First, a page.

Diplomats told Reuters that there were also drive-by shootings near the Radisson hotel, where some senior NTC officials and Western diplomats are staying.
SIRTE STILL HOLDING OUT
Gaddafi supporters are still holding out in Sirte, Gaddafi's Mediterranean coastal hometown in the centre of the country, where a small pocket is battling on after weeks of fighting, and Bani Walid, a town south of Tripoli.
Government forces pushed tanks deep into Sirte on Friday to try to smash resistance by pro-Gaddafi fighters.
The mostly untrained NTC militia army has gradually tightened its stranglehold around Sirte in a chaotic struggle that has cost scores of lives and left thousands homeless.
The failure to seize the final Gaddafi bastions has also held up the attempt by Libya's new leaders to try to build a democratic government, a process they say will begin only after Sirte is captured.
NTC commanders say Gaddafi's diehard loyalists now only control an area measuring about 700 metres (yards) north to south, and around 1.5 km (a mile) east to west in a residential neighbourhood comprising mostly apartment blocks.
"We are going to engage them with tanks and heavy artillery first. After that we will send in the pick-up trucks with anti-aircraft guns, then the infantry," said NTC commander Abdul Hadi Doghman.
The biggest obstacle to taking the town has been Gaddafi's snipers hunkered down in buildings.
Green flags, the banner of Gaddafi's rule, still fly above many of the buildings in Sirte. An occasional sniper shot zipped past government forces cleaning their weapons.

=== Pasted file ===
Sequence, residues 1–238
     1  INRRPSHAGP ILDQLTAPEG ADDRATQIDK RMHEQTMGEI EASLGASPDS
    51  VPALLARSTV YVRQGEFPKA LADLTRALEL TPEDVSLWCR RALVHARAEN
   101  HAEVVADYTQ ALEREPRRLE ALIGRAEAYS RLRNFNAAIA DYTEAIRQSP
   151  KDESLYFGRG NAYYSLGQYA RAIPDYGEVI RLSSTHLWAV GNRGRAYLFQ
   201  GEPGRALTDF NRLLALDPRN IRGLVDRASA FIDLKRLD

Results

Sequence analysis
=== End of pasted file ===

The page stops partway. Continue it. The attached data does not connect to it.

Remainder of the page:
Gaddafi's encircled forces in Sirte have little hope of victory, but still fight on, inflicting casualties with rocket-propelled grenades, mortars and small arms.
Gaddafi himself is believed to be hiding somewhere in the vast desert of southern Libya.
FEAR OF REPRISALS
One NTC commander said Gaddafi's forces were no longer using heavier weapons and appeared to have lost their cohesion.
"We've noticed now they are fighting every man for himself," said Baloun al-Sharie, a field commander. "We tried to tell them it's enough and to give themselves up, but they would not."
NTC officers say Gaddafi loyalists fear reprisals if they surrender -- some captured fighters have been abused.
A Medecins Sans Frontieres (MSF) doctor at Sirte's Ibn Sina hospital estimated there are still some 10,000 people marooned by the fighting in the city of 75,000 residents. Many of those trapped are women or children and some need medical care.
"In the past few days, the patients haven't been able to receive proper medical care, due to a shortage of doctors and due to the lack of water," said Gabriele Rossi. "The wounds of some patients are really bad and very infected."
Amnesty International issued a report on Wednesday saying Libya's new rulers were in danger of repeating human rights abuses commonplace under Gaddafi. The NTC said it would look into the report.
(Additional reporting by Rania El Gamal and Tim Gaynor in Sirte; Brian Rohan in Benghazi and Ali Shuaid and Yasmine Saleh in Cairo; Writing by Joseph Nasr and Jon Hemming; Editing by Alastair Macdonald, Peter Graff and Mark Heinrich)